[From Rick Marken (920510)]

Now there have been two posters noting the similarity of some
aspects of PCT to psychodynamics. I forget who the first was;
the second was David Goldstein in a very interesting post that
I just read this morning.

David says (re: the three perspectives on behavior described in
my paper):

From a therapy perspective, all three views would likely fall
under the cognitive/behavioral umbrella. This leaves out the
psychoanalytic and humanistic/existential perpsectives.

One observation: Most of the consultant clinical staff to our
center are psychoanalytically oriented. I think that HPCT therapy
ideas have something in common with psychoanalytic views. For
example: the idea of the importance of conflict, the idea of
background perceptions at a higher level which a person is not
aware of, the idea of resistance in therapy, the importance of

I agree. I think the psychoanalytic idea of "unconscious" causes
of conflict is just like the control theory idea that conficts
result from incompatible references set by higher (and not
consciously accessible) levels. Freud called it the id, we call
it the "next level up". Psychotherapy is based on the assumption that
conflicts can be solved (somehow) by discovering the unconscious
cause of the conflict. This is also consistent with the HPCT
idea that once you can adopt the point of view of the higher level
systems that are setting the conflicting lower level goals you can
"solve the problem" by setting non-conflicting goals -- you become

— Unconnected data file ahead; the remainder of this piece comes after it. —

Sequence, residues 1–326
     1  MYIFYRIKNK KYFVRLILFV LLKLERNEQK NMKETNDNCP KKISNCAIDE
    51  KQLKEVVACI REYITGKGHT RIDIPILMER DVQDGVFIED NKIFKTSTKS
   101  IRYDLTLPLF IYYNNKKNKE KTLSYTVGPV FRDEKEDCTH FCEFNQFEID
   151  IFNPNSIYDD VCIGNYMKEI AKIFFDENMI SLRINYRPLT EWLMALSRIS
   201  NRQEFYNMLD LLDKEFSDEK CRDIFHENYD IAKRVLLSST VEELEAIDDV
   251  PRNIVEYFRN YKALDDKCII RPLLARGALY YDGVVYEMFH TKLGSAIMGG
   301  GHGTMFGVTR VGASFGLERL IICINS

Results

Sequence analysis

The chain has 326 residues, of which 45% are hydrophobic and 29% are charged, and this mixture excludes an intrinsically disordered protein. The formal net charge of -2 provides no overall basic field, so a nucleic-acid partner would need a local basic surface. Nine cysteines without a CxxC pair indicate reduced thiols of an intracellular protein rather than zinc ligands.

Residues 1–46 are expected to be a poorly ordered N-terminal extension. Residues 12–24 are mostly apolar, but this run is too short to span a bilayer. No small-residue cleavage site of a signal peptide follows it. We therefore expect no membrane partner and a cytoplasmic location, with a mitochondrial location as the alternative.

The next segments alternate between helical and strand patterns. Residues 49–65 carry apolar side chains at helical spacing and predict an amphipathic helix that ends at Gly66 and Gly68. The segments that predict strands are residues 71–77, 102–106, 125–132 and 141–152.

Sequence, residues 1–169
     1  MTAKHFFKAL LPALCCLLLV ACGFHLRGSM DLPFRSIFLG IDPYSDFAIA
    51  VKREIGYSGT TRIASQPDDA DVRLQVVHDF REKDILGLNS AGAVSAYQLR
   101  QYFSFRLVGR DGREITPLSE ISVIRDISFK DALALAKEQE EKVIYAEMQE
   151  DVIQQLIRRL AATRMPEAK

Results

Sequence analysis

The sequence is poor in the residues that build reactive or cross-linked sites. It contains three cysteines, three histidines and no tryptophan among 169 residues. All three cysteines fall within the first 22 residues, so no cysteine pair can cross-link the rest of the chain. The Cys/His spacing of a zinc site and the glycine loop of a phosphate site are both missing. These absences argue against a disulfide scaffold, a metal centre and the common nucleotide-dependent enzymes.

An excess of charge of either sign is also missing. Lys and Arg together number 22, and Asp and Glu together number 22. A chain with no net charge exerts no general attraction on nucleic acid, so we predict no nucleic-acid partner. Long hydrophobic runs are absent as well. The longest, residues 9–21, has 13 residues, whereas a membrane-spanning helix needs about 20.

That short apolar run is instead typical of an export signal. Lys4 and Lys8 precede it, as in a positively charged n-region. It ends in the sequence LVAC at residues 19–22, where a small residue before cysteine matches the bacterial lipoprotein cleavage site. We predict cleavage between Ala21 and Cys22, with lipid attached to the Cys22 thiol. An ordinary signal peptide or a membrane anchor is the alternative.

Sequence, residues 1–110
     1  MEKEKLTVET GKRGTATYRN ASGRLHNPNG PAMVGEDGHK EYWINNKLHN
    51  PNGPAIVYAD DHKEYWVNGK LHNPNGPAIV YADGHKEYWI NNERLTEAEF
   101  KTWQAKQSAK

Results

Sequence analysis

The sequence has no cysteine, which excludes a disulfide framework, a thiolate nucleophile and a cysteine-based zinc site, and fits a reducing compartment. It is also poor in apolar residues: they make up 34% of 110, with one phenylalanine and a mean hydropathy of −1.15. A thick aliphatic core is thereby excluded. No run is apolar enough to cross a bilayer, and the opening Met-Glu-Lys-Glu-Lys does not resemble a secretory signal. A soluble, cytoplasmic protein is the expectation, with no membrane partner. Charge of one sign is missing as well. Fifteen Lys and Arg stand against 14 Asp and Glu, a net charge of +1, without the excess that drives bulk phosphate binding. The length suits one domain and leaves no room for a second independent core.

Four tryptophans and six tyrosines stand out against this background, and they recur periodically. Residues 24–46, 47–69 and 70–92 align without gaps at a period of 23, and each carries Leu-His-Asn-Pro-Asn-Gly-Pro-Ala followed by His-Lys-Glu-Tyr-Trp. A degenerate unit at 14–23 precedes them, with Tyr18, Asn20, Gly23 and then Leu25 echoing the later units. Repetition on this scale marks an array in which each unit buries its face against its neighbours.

conscious of the cause of the conflict.

The part of psychotherapy (and behavior for that matter) that I
don't see in the PCT model is resistance. I don't know that the PCT
model currently has any mechanism that explains why people are often
so unwilling (resistant) to "going up a level" (or, as Freud would say,
see the unconsious cause of their problem). Resistance implies
that CONTROL is happening -- in this case, a person is controlling
something about the consequences of changing their point of view
(their consciousness). I believe this is a real phenomenon; we
see it in the discussion of beliefs on CSGnet, for example. I detect
some resistance on the part of some people (I will not exempt myself,
by the way) to look their beliefs as just phenomena, taking
a point of view that is not that of the beliefs themselves.

I think part of this resistence phenomenon may not be a "control
of consciousness" phenomenon but just part of the operation of
the control hierarchy when it is in imagination model -- we are
controlling what we imagine, and the existing hierarchy of
references determine what we want to perceive (whether the cause
of those perceptions is "boss reality" or imagination). I think
a nightmare is an example of the production of imagined perceptions
that were not effectively "resisted" by the ordinary control
mechanisms that allow imagined perceptions quite deviant from the
existing references for perception (imagined or not).

But the resistence seen in the "methods of levels" or ordinary
psychotherapy, could be a different phenomenon -- it's like there
is a control system (a defense mechanism?) that is busy keeping
you from going "up a level" to the cause of the references that
are creating a problem.

So David, as a clinician, do you think there might be such a system?
And, if so, what the hell might if be for? Is this the system that
zen philosophers (and some motorcycle maintainers) are trying to
get past?

Happy mothers day




Richard S. Marken USMail: 10459 Holman Ave
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